Streck called again at ten minutes past nine.

  Nora snatched up the phone on the first ring, fiercely determined to tell him off and make him leave her alone. But for some reason she clenched up again and was unable to speak.

  In a repulsively intimate tone of voice, he said, “You miss me, prettiness? Hmmmm? Do you wish I’d come to you, be a man for you?”

  She hung up.

  What’s wrong with me? she wondered. Why can’t I tell him to go away and stop bothering me?

  Maybe her speechlessness grew from a secret desire to hear a man—any man, even a disgusting specimen like Streck—call her pretty. Although he was not the kind who would be capable of tenderness or affection, she could listen to him and imagine what it would be like to have a good man say sweet things to her.

  “Well, you’re not pretty,” she told herself, “and you never ever will be, so stop mooning around. Next time he calls, tell him off.”

  She got out of bed and went down the hall to the bathroom, where there was a mirror. Following Violet Devon’s example, Nora did not have mirrors anywhere in the house except the bathrooms. She did not like to look at herself because what she saw was saddening.

  This one night, however, she wanted to take a look at herself because Streck’s flattery, though cold and calculated, had stirred her curiosity. Not that she hoped to see some fine quality that she had never seen before. No. From duckling to swan overnight . . . that was a frivolous, hopeless dream. Rather, she wanted to confirm that she was undesirable. Streck’s unwanted interest rattled Nora because she was comfortable in her homeliness and solitude, and she wanted to reassure herself that he was mocking her, that he would not act upon his threats, that her peaceful solitude would endure. Or so she told herself as she stepped into the bathroom and switched on the light.

  The narrow chamber had pale-blue tile from floor to ceiling with a white-tile border. A huge claw-foot tub. White porcelain and brass fixtures. The large mirror was somewhat streaked with age.

  She looked at her hair, which Streck said was beautiful, dark, glossy. But it was of one shade, without natural highlights; to her, it wasn’t glossy but oily, although she had washed it that morning.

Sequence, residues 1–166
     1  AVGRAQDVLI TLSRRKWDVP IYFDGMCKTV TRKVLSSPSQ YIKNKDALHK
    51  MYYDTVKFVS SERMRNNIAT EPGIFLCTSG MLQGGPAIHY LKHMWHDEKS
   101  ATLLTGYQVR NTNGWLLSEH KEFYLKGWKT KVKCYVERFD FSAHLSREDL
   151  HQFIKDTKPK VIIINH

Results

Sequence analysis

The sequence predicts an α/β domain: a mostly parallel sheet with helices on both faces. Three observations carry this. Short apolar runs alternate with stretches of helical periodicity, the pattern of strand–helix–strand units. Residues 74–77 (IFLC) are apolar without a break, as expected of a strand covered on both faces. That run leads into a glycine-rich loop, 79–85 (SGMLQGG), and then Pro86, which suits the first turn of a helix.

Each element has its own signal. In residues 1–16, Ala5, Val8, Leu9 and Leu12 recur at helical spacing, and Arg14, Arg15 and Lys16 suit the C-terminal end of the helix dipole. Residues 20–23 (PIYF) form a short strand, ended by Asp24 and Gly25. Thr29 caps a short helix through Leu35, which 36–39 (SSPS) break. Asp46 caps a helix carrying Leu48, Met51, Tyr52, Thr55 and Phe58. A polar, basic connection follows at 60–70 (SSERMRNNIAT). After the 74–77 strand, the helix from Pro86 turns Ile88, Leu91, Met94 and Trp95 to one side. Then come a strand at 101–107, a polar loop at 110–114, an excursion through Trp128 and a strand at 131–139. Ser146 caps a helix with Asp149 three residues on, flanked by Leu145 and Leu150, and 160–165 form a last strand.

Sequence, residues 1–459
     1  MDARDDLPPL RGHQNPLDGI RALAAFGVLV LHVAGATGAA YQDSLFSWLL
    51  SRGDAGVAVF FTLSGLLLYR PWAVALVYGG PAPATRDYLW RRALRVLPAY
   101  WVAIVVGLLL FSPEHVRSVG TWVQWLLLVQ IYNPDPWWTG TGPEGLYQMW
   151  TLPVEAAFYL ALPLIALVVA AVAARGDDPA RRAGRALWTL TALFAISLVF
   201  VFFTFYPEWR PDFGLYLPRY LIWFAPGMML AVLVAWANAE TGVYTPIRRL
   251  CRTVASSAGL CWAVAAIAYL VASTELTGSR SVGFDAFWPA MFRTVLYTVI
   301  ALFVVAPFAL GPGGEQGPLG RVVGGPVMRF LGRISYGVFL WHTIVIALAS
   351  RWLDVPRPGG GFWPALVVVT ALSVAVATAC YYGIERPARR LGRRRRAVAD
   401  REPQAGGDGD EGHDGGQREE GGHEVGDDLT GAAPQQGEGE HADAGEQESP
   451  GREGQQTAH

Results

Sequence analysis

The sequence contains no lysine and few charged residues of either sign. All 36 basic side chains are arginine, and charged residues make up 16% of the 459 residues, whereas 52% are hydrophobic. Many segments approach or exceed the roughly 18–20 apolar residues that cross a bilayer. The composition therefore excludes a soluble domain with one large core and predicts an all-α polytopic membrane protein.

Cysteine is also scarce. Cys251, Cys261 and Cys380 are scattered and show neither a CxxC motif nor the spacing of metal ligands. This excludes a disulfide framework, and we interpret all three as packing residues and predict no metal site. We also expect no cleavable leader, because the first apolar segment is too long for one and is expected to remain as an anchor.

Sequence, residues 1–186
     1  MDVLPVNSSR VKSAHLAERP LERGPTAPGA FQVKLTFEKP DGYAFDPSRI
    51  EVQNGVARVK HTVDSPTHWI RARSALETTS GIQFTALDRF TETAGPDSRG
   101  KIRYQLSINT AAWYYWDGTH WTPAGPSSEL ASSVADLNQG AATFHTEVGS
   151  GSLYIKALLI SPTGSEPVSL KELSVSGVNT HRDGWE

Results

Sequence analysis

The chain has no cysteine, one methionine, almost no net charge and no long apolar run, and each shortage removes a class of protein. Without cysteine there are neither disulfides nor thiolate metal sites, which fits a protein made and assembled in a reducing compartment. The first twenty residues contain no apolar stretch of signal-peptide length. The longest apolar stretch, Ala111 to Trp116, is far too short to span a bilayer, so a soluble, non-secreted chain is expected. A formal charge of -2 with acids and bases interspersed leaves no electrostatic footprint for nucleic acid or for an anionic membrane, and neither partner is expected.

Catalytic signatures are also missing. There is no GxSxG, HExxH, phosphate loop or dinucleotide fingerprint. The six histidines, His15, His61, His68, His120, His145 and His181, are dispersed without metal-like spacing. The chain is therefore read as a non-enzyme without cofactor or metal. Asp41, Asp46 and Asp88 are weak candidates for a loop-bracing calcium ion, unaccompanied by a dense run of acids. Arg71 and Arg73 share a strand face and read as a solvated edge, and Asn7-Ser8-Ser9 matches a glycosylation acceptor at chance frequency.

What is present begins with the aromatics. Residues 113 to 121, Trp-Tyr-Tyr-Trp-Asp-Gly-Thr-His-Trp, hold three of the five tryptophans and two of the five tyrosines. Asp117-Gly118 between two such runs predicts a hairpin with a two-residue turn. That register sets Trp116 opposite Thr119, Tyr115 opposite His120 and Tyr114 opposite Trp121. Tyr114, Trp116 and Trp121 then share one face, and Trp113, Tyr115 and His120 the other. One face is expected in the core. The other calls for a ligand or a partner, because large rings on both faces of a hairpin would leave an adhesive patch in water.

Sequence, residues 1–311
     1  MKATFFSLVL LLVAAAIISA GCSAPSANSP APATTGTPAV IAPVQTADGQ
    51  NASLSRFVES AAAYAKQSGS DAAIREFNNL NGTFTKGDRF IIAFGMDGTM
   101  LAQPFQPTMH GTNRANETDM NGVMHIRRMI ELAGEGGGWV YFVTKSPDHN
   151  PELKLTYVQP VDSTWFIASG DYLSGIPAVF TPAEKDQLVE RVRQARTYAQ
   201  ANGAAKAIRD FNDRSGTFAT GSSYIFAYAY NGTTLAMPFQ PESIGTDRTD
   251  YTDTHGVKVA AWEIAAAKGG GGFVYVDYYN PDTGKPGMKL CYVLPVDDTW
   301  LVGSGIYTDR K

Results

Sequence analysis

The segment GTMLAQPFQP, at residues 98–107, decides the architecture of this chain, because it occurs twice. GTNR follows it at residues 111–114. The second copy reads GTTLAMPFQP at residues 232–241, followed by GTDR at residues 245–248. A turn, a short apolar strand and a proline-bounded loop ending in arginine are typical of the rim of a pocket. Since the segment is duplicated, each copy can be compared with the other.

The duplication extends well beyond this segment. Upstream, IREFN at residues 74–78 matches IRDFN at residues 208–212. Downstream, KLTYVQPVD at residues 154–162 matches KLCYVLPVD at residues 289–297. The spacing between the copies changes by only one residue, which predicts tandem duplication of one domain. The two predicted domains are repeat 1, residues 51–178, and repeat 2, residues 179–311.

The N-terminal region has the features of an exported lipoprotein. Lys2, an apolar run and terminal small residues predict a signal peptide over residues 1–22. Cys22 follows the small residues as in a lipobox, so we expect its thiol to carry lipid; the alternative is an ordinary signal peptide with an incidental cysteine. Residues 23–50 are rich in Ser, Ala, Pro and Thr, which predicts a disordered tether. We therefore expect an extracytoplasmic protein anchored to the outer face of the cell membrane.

She looked quickly at her brow, cheekbones, nose, jawline, lips, and chin. She tentatively traced her features with one hand, but she saw nothing to intrigue a man.

  At last, reluctantly, she stared into her eyes, which Streck had called lovely. They were a dreary, lusterless shade of gray. She could not bear to meet her own gaze for more than a few seconds. Her eyes confirmed her low opinion of her appearance. But also . . . well, in her own eyes she saw a smoldering anger that disturbed her, that was not like her, an anger at what she had let herself become. Of course, that made no sense whatsoever because she was what nature had made her—a mouse—and she could do nothing about that.

  Turning from the mottled mirror, she felt a pang of disappointment that her self-inspection had not resulted in a single surprise or reevaluation. Immediately, however, she was shocked and appalled by that disappointment. She stood in the bathroom doorway, shaking her head, amazed by her own befuddled thought processes.

  Did she want to be appealing to Streck? Of course not. He was weird, sick, dangerous. The very last thing she wanted was to appeal to him. Maybe she wouldn’t mind if another man looked on her with favor, but not Streck. She should get on her knees and thank God for creating her as she was, because if she were at all attractive, Streck would make good on his threats. He’d come here, and he’d rape her . . . maybe murder her. Who knew about a man like that? Who knew what his limits were? She wasn’t being a nervous old maid when she worried about murder, not these days: the newspapers were full of it.

  She realized that she was defenseless, and she hurried back to the bedroom, where she had left the butcher’s knife.


  Most people believe psychoanalysis is a cure for unhappiness. They are sure they could overcome all their problems and achieve peace of mind if only they could understand their own psychology, understand the reasons for their negative moods and self-destructive behavior. But Travis had learned this was not the case. For years, he engaged in unsparing self-analysis, and long ago he figured out why he had become a loner who was unable to make friends. However, in spite of that understanding, he had not been able to change.

  Now, as midnight approached, he sat in the kitchen, drank another Coors, and told Einstein about his self-imposed emotional isolation. Einstein sat before him, unmoving, never yawning, as if intently interested in his tale.

  “I was a loner as a kid, right from the start, though I wasn’t entirely without friends. It was just that I always preferred my own company. I guess it’s my nature. I mean, when I was a kid, I hadn’t yet decided that my being friends with someone was a danger to him.”

  Travis’s mother had died giving birth to him, and he knew all about that from an early age. In time her death would seem like an omen of what was to come, and it would take on a terrible importance, but that was later. As a kid, he wasn’t yet burdened with guilt.